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Colombian man dies by euthanasia though he didn’t have a terminal illness

euthanasia, Colombia

A Colombian man has legally taken his own life under the country’s relaxed euthanasia laws, even though he did not have a terminal illness. News sources confirm that 60-year-old Victor Escobar died Friday evening. He made his death public, with the cameras rolling, because he wanted to make it easier for others to also kill themselves. According to Reuters, Escobar suffered from end-stage chronic obstructive pulmonary disease, a lung condition that did impact his quality of life, but which was not terminal.

Escobar fought for two years for the right to die, battling doctors, clinics, and the courts who believed that there were other ways to alleviate his suffering. While the country’s Constitutional Court said in July 2021 that euthanasia should not be just for the terminally ill, Escobar petitioned the court in October for the right to die and was refused because they said he was not ill enough. Escobar eventually won on appeal, and he chose January 7 to die.

“We reached the goal for patients like me, who aren’t terminal but degenerative, to win this battle, a battle that opens the doors for the other patients who come after me and who right now want a dignified death,” Escobar said in a video message sent to media.

READ: Colombia House of Representatives rejects bill to regulate euthanasia

Escobar’s death comes just months after a back-and-forth decision in the Colombian courts regarding another euthanasia case, that of Martha Sepúlveda. Sepúlveda, who had amyotrophic lateral sclerosis (ALS), or Lou Gehrig’s disease, had a planned euthanasia appointment scheduled, but it was rescinded in the days leading up to her death after the courts decided that she wasn’t suffering as much as she had led on. Like Escobar, she too won on appeal and just this past weekend, also followed through with her decision to end her life.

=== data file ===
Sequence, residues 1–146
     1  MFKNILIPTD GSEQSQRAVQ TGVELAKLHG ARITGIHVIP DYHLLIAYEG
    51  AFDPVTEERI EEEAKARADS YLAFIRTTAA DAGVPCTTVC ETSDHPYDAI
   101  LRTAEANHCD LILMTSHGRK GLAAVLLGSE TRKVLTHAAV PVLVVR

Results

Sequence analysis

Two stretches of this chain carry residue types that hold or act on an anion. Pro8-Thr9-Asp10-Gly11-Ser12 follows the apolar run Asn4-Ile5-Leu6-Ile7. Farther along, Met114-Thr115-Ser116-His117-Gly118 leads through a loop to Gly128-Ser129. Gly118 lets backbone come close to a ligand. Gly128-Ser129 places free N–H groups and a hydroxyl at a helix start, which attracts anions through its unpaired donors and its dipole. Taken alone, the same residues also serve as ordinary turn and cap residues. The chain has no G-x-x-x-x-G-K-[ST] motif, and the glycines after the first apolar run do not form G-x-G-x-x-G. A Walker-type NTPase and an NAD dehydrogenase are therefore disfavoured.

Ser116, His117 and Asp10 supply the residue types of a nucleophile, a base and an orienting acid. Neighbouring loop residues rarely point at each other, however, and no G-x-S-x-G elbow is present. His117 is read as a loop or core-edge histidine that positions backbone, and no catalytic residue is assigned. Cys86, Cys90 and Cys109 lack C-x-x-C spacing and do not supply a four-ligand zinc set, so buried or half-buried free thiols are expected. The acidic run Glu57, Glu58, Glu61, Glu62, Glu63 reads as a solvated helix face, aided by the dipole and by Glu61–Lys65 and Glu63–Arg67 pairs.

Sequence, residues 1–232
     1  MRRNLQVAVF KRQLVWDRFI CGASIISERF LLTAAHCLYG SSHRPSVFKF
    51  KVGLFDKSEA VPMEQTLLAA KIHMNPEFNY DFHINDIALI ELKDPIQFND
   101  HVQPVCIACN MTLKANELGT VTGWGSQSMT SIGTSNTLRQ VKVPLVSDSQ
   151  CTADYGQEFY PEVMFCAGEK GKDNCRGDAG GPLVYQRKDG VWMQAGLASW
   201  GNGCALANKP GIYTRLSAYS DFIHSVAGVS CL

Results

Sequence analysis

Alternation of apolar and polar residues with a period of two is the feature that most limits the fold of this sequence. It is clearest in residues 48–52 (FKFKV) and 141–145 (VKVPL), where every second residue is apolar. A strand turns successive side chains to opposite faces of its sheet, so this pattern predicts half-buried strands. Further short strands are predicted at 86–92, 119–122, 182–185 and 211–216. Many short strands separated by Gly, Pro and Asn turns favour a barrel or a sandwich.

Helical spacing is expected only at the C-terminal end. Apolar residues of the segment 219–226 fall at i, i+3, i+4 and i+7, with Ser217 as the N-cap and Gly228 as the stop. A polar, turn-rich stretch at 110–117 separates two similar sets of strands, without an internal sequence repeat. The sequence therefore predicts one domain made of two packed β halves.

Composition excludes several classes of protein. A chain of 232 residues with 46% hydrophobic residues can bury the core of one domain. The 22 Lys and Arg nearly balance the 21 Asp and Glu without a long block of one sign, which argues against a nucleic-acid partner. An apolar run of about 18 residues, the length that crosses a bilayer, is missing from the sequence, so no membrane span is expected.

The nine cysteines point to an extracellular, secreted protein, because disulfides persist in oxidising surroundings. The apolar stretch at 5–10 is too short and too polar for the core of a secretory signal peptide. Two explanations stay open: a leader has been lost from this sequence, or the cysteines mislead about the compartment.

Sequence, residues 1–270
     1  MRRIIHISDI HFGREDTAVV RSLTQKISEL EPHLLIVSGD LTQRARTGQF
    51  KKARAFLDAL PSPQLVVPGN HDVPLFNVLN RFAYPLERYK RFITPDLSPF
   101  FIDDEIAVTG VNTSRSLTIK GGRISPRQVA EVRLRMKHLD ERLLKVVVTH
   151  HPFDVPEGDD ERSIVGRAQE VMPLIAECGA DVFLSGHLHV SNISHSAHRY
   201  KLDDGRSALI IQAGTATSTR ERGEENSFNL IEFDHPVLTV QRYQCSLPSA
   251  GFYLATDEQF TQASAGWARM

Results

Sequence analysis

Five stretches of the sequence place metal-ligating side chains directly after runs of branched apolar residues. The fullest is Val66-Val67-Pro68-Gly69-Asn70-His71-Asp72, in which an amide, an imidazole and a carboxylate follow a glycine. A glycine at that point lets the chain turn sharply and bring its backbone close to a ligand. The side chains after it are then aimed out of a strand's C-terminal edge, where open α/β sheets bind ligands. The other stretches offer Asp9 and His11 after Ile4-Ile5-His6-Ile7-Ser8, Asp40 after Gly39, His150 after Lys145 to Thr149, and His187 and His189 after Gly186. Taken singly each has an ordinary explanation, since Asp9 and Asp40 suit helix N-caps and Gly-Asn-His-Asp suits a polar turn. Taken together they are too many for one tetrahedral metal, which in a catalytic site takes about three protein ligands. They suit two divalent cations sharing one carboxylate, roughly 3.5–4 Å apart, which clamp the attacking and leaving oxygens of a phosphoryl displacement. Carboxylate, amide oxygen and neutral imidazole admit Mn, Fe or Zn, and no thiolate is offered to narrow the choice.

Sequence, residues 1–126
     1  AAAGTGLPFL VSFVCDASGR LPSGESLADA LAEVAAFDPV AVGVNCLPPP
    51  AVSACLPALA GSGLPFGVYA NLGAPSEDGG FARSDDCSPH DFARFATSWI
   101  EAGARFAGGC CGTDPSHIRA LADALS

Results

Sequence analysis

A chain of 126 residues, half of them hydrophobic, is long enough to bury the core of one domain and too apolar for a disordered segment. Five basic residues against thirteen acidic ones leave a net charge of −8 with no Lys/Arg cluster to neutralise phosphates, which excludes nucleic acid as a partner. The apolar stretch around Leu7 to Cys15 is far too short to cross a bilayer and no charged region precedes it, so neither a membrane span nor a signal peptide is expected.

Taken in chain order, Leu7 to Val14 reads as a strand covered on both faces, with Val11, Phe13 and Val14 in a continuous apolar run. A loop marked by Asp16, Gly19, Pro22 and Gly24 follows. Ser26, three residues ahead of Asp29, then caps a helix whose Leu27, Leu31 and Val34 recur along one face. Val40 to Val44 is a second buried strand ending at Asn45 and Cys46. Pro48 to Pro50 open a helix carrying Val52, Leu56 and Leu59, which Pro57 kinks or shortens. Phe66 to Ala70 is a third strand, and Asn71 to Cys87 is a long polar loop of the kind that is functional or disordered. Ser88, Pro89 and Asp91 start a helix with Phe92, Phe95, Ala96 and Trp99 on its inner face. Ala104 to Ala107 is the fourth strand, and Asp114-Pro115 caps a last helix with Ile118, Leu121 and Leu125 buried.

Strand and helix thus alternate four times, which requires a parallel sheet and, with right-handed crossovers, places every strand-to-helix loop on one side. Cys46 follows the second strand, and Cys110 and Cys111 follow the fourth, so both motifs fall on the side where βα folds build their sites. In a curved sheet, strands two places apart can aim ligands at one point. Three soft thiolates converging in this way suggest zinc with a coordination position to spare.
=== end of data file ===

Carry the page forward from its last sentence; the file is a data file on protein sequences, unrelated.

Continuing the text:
Despite the tragedy of this situation, many advocates are hailing Escobar’s death with words like “dignified” and “tranquil.” But studies have revealed that the majority of people who request euthanasia or assisted suicide do so most often because they are depressed. Other studies show that many times, assisted suicide and euthanasia can be painful, prolonged, and inhumane, more akin to drowning than to peacefully falling asleep.

Escobar’s death is a prime example of the slippery slope of euthanasia and assisted suicide. No matter what safeguards are in place initially, advocates for assisted death continue to push the envelope. Once assisted suicide and euthanasia are legal for people who don’t have a terminal illness, it’s not a far leap to allow it for someone who requests it for any reason at all.

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